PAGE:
YARMOUTH — Handy’s Market & Cafe has been a place where people come and go. Starting this winter, it will be a space for people to hang out, too.
When owner Sean Ireland bought and renovated the store at 367 Main St., formerly known as Andy’s Handy Store, earlier this year, he imagined it would eventually become a gathering place for the community.
His plan is now being realized, with a carriage house being built behind the store.
“When we first started this project there was really no meeting space in Yarmouth besides the library,” Ireland said. “We wanted to fill that need.”
The carriage house will have Wi-Fi, cafe-style seating on the first floor, and a “community board room” upstairs. Ireland said the building, which will be accessible from the store and also have its own entrance facing East Elm Street, should be completed in late December.
The conference room will be free to reserve by anyone who needs meeting space for their group or organization. Groups will be able to reserve the space through an online booking system in 30-minute blocks for a maximum of two hours at a time.
The room will have a large conference table, which will seat 10 people, as well as some “soft seating,” according to Ireland. There will also be a flat-screen TV mounted on the wall that can be used for presentations or conference calls.
Ireland hopes the carriage house will be utilized by organizations that don’t have physical office spaces.
“I think Yarmouth has a tremendous amount of community-oriented organizations, but there’s not a lot of places to meet,” he said.
The carriage house is being funded by Gorham Savings Bank, although bank officials declined to disclose the building cost. According to Kim Donnelly, senior vice president and director of business banking, and Chief Banking Officer Eric Andrews, the cost was “part of the bank’s marketing budget.”
“Without having these guys on board, we likely would have charged folks to use the (community board room),” Ireland said.
Gorham Savings Bank, which is also the market’s commercial lender, will have an ATM in the entrance to the carriage house. Aside from the bank’s interest in growing its Yarmouth customer base, Andrews said he’s glad to be working with such an “iconic” location in town.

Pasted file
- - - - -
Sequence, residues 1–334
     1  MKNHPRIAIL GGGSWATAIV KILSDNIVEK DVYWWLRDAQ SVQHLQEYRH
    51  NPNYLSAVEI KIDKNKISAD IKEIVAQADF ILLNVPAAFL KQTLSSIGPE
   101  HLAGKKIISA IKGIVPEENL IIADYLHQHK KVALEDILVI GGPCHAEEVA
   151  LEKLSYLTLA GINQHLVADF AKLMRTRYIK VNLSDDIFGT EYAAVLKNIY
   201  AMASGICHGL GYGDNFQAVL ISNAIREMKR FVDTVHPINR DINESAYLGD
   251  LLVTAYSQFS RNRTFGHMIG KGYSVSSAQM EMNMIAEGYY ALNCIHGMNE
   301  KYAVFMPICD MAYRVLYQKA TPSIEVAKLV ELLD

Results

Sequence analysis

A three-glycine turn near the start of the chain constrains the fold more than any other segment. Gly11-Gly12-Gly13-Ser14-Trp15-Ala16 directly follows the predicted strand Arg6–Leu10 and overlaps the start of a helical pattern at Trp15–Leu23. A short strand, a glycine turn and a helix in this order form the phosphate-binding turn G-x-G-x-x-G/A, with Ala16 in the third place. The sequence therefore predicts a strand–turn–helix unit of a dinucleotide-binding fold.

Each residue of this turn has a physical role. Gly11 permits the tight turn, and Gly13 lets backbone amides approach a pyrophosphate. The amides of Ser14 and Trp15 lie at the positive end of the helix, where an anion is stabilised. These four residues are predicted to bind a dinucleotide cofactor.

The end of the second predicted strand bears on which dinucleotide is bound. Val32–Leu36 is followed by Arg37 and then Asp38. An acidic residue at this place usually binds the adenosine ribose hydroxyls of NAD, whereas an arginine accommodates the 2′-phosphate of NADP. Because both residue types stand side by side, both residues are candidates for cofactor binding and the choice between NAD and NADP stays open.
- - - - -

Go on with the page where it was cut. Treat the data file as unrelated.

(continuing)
“We’re excited to be part of this,” Andrews said. “It’s a unique fixture in the community.”
The bank arrangement continues a trend for Handy’s, which already had partnerships with Hilltop Coffee and OTTO pizza.
The downstairs area of the Carriage House, which will seat up to 32 people, will be a place for people to have coffee or snacks in the morning through mid-afternoon. It will open at 6 a.m., and then around 4:30 p.m. will be used as a dining area, with waitstaff for OTTO customers for the rest of the night.
“We’ve had a blast doing slices and takeout, but we’re excited to have a place to serve people,” Alex Budd, district manager of OTTO, said.
Guy Hernandez, owner of Hilltop Coffee, said he’s also excited about the carriage house opening. There is a small seating area at the front of the market, but he said the carriage house will provide more of a community space for enjoying food, drinks, and other people’s company.
“All along the idea of this as a gathering space is what attracted us to the project,” Hernandez said.
Ireland said the integrity of Handy’s will be maintained in the carriage house and he’s looking forward to it being a place for residents and others to use and enjoy.
“This really creates a community destination,” he said.
Hernandez agreed, saying the carriage house will strengthen the sense of community the market creates.
“To foster a sense of community you need a physical space to gather,” he said. “(Handy’s) is a place to stay now, with the carriage house.”
Sean Ireland, owner of Handy’s Market & Cafe in Yarmouth, is building a carriage house that will have cafe seating downstairs and a community meeting room above.